Wednesday, August 08, 2007

July 8th, Part II

Interview: Sandra Hope - Comic Book Inker

OH, COMICS: "Oh, okay, those little books that show up in my comp box."

[Review] Re-Gifters and Clubbing.


P.O.W.E.R. in Comics

Okay, now what?

FYI: Your Feelings May Be Lies. No, Really.

These Things Are Fun, and Fun Is Good

Big sigh.

The Seven Deadly Sins Of The Comic Book Industry

America's Junior Ms.

One more Carol Danvers thought from Ms. Marvel #17 (Spoilers, presumably)

At last! Pants parity!

Joss, oh Joss… you break my heart: Astonishing X-Men - Gifted

A Point We Keep Coming Back To


[Interview] Austin Grossman and “Soon I Will Be Invincible”.

Strategic Placement.

Awesome Damn Comic of the Week: Girls With Slingshots

This has been knocking around in my head a while

Dear Entertainment Industry,

1 comment:

Strannik said...

Because, for some reason, 't post my reply to "Joss, oh Joss… you break my heart: Astonishing X-Men - Gifted" post ( the blog in question, I am going to post it here.

"Of course, there is a flipside.

Reading this article, I found myself reflecting on my own reading experience of both the arc in question and the stories that it evoked. My experience was very different from yours. I suspect most of this has to do with the fact that we come from two different generations. I was born in 1985. This meant that I wasn't even alive when most of the stories you referenced were published for the first time. "Kitty Pryde and Wolverine # 1", for example, came out in 1984. I didn't get into comics until junior high, and even then, it was quite a while before I found American superhero comics. And even then, that wasn't my first exposure to X-Men - that honor belonged to he 90s cartoon. By the time I picked up the comic version, I knew that it was going to be different from the version I was familiar with, so I went in with an open mind. And I just so happened to find X-Men comics while they were in midst of Morrison's ever-so-controversial run. While I had some issues with the run it first, I came to enjoy it. And, for better or for worse, it fundamentally influenced the way I view the entire franchise.

Now, thanks to the internet, I became familiar with the history of the franchise. My local library had some trades collecting Claremont's and Byrne's run of "Uncanny X-Men." Older fans sang all sorts of praises to this era, so I decided to check it out.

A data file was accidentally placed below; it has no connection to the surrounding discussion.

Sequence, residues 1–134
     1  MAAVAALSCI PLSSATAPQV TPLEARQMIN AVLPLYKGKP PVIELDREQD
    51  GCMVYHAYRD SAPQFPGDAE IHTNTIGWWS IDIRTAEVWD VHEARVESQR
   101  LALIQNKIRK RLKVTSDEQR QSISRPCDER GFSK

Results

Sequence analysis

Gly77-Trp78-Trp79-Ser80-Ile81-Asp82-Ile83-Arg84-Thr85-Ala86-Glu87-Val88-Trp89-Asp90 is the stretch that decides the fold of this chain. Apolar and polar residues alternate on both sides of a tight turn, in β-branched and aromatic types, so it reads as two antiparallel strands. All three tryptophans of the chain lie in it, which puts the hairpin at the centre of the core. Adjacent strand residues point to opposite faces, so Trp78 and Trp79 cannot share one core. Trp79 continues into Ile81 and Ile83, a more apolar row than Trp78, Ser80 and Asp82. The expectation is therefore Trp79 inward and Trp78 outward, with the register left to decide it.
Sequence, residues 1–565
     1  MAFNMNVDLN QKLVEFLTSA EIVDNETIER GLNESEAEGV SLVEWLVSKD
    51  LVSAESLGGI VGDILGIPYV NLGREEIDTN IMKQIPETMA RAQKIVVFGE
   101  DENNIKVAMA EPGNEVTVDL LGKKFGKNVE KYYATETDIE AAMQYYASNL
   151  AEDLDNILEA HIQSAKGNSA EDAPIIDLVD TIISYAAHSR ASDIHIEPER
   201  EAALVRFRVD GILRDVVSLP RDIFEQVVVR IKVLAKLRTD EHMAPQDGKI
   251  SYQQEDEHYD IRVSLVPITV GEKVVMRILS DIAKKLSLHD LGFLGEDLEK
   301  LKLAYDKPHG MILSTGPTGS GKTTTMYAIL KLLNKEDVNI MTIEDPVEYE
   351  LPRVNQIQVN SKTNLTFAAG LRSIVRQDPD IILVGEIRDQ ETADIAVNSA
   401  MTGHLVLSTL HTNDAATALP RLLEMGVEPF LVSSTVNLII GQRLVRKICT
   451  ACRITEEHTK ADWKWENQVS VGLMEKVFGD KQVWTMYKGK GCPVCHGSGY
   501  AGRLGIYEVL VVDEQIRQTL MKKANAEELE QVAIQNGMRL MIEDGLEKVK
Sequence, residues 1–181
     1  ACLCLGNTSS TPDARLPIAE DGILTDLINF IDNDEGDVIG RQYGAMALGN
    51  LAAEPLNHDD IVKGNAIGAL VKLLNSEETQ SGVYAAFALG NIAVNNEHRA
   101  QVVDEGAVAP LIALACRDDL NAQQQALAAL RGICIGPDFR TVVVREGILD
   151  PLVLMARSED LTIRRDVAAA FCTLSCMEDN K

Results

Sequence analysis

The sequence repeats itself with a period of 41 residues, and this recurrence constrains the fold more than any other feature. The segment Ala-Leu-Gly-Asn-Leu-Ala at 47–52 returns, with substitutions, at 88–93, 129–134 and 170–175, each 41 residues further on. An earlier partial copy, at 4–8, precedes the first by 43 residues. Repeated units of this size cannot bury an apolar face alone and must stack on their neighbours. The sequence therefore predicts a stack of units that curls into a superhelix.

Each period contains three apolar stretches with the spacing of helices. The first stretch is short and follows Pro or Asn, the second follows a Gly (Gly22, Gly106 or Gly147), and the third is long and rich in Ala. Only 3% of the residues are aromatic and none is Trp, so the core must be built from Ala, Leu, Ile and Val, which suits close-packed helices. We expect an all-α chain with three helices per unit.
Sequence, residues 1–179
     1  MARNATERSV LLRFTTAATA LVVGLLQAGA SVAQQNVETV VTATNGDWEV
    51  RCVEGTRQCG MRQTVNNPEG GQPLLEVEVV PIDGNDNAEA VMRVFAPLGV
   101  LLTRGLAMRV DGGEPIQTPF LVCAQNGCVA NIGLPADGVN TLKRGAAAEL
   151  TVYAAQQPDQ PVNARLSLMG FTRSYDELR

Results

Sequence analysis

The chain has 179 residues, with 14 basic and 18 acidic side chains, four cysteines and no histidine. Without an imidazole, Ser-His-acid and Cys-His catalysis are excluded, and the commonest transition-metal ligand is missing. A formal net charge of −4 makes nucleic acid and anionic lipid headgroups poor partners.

And, truth be told, I was disappointed. Those stories had merits, to be sure. if nothing else, it was fascinating to see the history of the characters I was familiar, a history that was occasionally referenced, unfolding before my eyes. But, at the same time, I couldn't get over the. (how to put it politely?) dated dialog, overwrought, unsubtle characterization and melodramatic narration. Most importantly, I was left with the sense of unfulfilled potential - if plots could've been explored better, if characterization was more subtle and complex, if the language itself was less bombast, if the writing was better, then these stories would've truly been remarkable. But taken as they were, they were merely passable. Interesting in their own way, but passable.

To be fair, I realize that many of the above-mentioned flaws were simply products of their age. To fans that were reading the stories at the time, this was the norm. I can understand it. However, I cannot view these stories in that light, for the simple reason that, well, I'm just not that old.

You and the fans from your age group got to read the stories in sequence. Your were there when Kitty Pride and Emma Frost appeared on the pages of "Uncanny X-Men." Those characters may change and grow, but to you, these are the definitive versions, the foundations on which the characters developed. But to me, the definitive versions are the ones I first saw when I was introduced to Morrison's run of New X-Men. Your Kitty Pride is a young girl who was thrust into a strange world and tried her best to adjust. My Kitty Pride is a confident, capable 20-something woman who used to date a chain-smoking British guy. Your Emma Frost is the White Queen, the evil villain who terrorized the X-Men. My Emma Frost is an arrogant, but loyal and, yes, caring member of the X-Men with a dark past, a past that she thankfully left behind.

Mind you, both of those points of view are perfectly valid. However, they signify a gulf between our respective perception of Whedon's run..For me, the emotional resonance you so eloquently captured is simply not there. So where exactly does that leave me? Or, for that matter, where does it leave fans from my age group? We can enjoy it, to be sure, but not the way you do.

Nostalgia for nostalgia's sake is exclusive like that.

P.S. That said, I'm terrified that twenty years down the line, we'd get the same sort of wishful nostalgia based on our childhood. I hope to God that I'd maintain enough perspective not to wallow in it too much"